I love inspirational card decks. I have many! One deck is the Everyday Peace Cards by Thich Nhat Hanh. The other morning I chose the card titled Composting: 

Sorrow, fear, and depression are bits of garbage that are part of real life,

and we must look deeply into their nature.

You can practice in order to turn these bits of garbage into flowers.

It is not only your love that is organic; your hate is, too.

You don’t need to throw anything out.

All you have to do is learn how to transform your garbage into flowers.

Even what we label as ick emotions (see, this is hierarchical perception), undesirable experiences (aka garbage), is of equal value to joyful and happy experiences. All is welcome! We can hold this, too. This is compassionate neutrality. As we practice, we ripen our compassion, we increase the habit of not taking issue with the emotion or the experience. The heart opens and ease begins to arise organically.

On a personal note, these past couple of months have been particularly stressful, so much so that I found myself in a dark place for a few weeks. I was hooked or attached to my suffering. I was stuck! It felt like I was banging my head against the wall of reality, wanting desperately to not feel stressed, frustrated, grief, sadness, anger (it was a lot!).

And yet, this resistance, a wanting for life to be different, kept me stuck in a suffering loop. Because of my practice, I was able to notice this loop with courage and compassion, and surrender. I began to hold “the wanting life to be different than it was” lightly, to stop fighting reality. I had had enough and so I sat with the turbulence of my emotional experience with curiosity. This opened up enough space for micro-gratitude to arise. I use the word micro because it was so small. It was not forced or faked. It was like the crack in the cement where the flower pokes through and eventually blooms. The crack was just enough and it grew bigger until I broke free from the fight.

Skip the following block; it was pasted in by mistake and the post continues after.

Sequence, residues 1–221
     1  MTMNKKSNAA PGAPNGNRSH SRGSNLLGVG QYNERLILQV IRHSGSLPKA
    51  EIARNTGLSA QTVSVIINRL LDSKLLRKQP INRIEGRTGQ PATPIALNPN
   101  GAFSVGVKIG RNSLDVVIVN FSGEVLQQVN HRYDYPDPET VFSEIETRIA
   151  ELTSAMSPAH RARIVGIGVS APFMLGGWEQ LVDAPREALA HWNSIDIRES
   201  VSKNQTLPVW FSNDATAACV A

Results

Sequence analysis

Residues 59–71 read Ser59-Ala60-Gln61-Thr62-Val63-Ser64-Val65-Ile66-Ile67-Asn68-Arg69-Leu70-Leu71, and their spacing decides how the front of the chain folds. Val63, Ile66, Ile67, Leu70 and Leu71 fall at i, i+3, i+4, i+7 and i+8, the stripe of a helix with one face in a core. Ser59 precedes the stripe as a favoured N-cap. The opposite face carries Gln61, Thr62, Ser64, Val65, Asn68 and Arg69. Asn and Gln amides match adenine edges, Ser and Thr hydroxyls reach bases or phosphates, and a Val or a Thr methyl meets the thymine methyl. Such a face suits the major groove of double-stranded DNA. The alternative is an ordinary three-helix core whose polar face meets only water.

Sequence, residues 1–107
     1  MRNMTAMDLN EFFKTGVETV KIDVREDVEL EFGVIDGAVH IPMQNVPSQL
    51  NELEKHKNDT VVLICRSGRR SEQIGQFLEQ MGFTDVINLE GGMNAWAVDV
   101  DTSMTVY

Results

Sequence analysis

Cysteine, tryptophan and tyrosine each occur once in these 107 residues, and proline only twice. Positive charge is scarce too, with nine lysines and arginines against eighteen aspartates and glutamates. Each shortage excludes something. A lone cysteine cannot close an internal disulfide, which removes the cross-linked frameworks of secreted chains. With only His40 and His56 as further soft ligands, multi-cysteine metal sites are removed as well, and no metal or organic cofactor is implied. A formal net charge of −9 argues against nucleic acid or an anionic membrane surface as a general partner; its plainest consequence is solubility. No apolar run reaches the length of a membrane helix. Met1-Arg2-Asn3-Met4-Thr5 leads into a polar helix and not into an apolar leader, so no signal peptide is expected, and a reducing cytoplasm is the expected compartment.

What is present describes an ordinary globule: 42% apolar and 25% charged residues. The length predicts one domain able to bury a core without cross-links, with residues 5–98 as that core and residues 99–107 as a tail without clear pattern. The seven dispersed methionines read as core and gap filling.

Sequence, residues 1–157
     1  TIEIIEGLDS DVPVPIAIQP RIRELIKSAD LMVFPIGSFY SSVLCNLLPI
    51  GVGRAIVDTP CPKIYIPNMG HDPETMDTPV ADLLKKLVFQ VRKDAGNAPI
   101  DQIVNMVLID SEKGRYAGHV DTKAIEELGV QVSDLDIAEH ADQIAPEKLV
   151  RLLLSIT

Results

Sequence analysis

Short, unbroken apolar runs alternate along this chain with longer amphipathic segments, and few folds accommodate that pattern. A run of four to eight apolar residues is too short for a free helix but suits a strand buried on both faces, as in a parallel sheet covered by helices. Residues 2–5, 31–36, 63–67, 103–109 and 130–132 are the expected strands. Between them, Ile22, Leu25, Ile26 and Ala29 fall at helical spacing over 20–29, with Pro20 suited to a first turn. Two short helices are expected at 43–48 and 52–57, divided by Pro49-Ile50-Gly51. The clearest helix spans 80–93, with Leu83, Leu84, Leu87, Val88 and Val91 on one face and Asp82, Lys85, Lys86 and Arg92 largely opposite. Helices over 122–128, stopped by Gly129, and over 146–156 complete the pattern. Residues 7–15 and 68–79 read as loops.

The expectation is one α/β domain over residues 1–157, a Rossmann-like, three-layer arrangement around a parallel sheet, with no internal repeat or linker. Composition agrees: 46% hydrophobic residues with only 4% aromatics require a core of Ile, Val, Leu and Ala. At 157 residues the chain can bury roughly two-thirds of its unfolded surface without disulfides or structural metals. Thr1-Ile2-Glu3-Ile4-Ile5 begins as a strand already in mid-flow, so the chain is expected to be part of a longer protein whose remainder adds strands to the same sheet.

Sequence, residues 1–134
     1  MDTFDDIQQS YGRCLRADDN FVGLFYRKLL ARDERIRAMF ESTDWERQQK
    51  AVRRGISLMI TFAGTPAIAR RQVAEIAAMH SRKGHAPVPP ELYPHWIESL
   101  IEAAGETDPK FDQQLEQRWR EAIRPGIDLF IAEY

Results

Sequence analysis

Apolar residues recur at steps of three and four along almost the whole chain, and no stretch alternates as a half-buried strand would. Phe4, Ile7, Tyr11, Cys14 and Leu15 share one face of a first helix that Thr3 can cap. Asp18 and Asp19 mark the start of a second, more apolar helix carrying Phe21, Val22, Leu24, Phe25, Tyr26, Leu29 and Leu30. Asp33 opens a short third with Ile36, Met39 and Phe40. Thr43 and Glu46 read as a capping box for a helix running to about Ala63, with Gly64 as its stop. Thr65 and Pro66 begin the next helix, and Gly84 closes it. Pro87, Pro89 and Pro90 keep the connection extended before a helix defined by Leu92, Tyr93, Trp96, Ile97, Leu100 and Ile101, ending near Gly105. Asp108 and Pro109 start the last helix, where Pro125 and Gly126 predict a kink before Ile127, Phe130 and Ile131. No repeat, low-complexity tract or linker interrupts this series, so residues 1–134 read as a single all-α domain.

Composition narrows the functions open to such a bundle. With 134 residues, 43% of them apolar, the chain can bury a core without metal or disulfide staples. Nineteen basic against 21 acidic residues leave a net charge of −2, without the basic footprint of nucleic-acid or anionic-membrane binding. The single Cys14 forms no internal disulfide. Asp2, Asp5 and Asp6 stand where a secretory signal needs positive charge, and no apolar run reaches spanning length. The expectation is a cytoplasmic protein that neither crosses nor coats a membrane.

Pema Chodron describes this courageous experience in her book Start Where You Are:

Compassion starts coming to us because we have the aspiration to do the practice and to get more in touch with our own pain and our own joy. In other words, we are willing to get real. We realize that we can’t fake it and we can’t force it, but we know we have what it takes to work with how we are right now. So we start that way, and both the ability to drop it and cheer up and the ability to open our hearts begin to grow on their own accord.